It is recommended that teachers review activities and read the associated directions and/or lesson plan ideas prior to using them with their students. In some cases, the activities are very open-ended and are best used in conjunction with paper/pencil activities or when students are paired and working on a single computer. If the directions and/or lesson plans are not obvious, a link is provided within the description of the resource.
It is essential that these standards be addressed in contexts that promote problem solving, reasoning, communication, making connections, and designing and analyzing representations.
3.1 Number and Operations: Develop an understanding of fractions and fraction equivalence.
3.1.1
Represent common fractions (e.g., halves, thirds, fourths, tenths) as equal parts of a whole, parts of a set, or points or distances on a number line.
Students must divide a whole unit into the number of parts named by the fraction provided. This activity could be used to provide a visual for the denominator and numerator of a fraction.
Use this resource when first introducing the concept of a numerator and denominator to students. Students could do this activity in partners or independently after teacher demonstrates.
3.1.3
Use fractions to represent numbers that are equal to, less than, or greater than one.
Students explore several representations for fractions (circle, rectangle, and set model) using adjustable numerators and denominators. The decimal and percent values that are equivalent to the fraction are shown.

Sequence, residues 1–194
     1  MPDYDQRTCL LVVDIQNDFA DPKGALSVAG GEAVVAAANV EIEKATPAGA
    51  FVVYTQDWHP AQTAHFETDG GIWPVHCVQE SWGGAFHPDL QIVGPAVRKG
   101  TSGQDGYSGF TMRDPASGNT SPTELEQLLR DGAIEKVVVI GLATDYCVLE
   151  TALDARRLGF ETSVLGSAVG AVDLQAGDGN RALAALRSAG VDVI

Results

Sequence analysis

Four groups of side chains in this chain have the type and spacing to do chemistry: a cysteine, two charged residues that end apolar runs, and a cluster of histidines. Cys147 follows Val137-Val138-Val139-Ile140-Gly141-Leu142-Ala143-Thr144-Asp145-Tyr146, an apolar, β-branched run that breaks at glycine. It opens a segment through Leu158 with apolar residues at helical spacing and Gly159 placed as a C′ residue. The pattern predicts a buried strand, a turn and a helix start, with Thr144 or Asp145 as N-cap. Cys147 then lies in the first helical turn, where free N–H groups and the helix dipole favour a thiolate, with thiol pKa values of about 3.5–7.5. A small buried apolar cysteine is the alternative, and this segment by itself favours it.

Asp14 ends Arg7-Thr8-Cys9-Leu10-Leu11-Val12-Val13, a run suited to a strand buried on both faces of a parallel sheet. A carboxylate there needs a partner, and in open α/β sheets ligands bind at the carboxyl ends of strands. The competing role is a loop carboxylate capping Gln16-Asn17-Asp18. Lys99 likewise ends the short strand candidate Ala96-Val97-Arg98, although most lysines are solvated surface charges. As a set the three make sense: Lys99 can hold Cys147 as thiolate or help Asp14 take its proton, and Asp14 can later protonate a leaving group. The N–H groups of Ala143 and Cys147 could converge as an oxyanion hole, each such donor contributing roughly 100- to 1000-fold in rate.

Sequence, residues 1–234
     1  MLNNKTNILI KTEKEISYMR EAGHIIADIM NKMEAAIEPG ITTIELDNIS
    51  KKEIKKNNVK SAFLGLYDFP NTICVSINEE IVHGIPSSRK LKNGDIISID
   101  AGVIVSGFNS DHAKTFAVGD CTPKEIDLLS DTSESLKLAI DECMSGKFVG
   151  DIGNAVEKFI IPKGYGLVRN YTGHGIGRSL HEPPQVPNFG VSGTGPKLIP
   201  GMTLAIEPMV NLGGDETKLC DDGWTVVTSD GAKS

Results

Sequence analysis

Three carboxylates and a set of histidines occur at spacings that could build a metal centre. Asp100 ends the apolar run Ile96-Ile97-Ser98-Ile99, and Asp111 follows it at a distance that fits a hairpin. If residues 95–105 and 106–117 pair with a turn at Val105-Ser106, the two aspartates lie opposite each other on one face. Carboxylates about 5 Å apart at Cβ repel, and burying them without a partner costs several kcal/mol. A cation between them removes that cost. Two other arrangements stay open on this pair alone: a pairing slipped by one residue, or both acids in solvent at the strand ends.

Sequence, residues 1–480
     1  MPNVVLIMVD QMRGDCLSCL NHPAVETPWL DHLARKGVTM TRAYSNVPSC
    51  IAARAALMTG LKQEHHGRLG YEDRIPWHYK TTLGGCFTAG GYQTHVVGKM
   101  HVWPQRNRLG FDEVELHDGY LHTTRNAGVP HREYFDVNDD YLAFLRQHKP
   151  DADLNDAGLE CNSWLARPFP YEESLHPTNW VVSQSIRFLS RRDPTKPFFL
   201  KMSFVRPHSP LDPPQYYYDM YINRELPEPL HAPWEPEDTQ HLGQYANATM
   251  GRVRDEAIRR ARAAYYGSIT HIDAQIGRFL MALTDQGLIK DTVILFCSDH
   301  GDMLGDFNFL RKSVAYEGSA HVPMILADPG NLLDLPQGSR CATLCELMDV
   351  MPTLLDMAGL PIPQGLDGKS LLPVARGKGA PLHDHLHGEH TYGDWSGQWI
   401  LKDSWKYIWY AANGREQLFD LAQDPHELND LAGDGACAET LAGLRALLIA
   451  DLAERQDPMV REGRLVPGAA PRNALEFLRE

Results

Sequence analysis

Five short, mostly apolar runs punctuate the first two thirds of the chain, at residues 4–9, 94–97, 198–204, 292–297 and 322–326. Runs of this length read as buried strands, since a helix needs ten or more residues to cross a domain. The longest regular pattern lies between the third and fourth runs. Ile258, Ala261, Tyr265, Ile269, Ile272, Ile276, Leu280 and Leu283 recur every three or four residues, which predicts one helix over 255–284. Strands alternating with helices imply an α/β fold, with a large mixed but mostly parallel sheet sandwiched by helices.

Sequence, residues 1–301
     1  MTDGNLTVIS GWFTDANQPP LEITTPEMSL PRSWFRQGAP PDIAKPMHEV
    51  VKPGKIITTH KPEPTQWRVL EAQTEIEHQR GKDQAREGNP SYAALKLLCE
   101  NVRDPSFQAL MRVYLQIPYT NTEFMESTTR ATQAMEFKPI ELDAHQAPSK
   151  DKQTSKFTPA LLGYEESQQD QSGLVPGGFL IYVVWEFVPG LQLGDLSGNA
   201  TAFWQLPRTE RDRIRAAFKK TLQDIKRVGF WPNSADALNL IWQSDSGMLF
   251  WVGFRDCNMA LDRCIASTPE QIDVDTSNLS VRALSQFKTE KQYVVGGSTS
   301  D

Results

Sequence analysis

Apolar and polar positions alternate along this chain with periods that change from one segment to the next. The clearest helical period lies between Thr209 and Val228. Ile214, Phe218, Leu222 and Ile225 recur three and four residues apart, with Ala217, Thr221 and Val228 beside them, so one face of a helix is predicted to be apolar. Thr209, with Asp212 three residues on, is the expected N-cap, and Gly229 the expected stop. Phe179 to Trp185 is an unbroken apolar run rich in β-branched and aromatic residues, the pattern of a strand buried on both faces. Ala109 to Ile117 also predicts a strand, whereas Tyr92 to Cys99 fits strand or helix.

3.1.4
Solve problems that involve comparing and ordering fractions by using models, benchmarks (0, ½, 1), or common numerators or denominators.
Students build a model of the fraction, check their work, then place the fractions in order on a number line. Useful for demonstration as well as for independent student work.
3.1.5
Identify equivalent fractions using models, including the number line.
Students set the numerators and denominators to show a certain fraction. Fractions bars are stacked on top of each other and provide a visual for comparing fractions and finding equivalent fractions.This could be used after students have already explored fractions using number strips as reinforcement.
Note: There are a number of adds on this site that may be distracting.
3.1.6
Add common fractions with like denominators.
N/A
3.2 Number and Operations, Algebra, and Data Analysis: Develop understandings of multiplication and division, and strategies for basic multiplication facts and related division facts.
3.2.1
Represent and apply the concept of multiplication as repeated addition.
Students solve multiplication facts using repeated addition.
3.2.2
Represent and apply the concept of division as repeated subtraction and forming equal groups.
N/A
3.2.3
Apply models of multiplication (e.g., equal-sized groups, arrays, area models, equal “jumps” on number lines and hundreds charts) and division (e.g., repeated subtraction, partitioning, and sharing) to solve problems.
Students play a game of concentration matching multiplication problems, arrays and answers.
3.2.4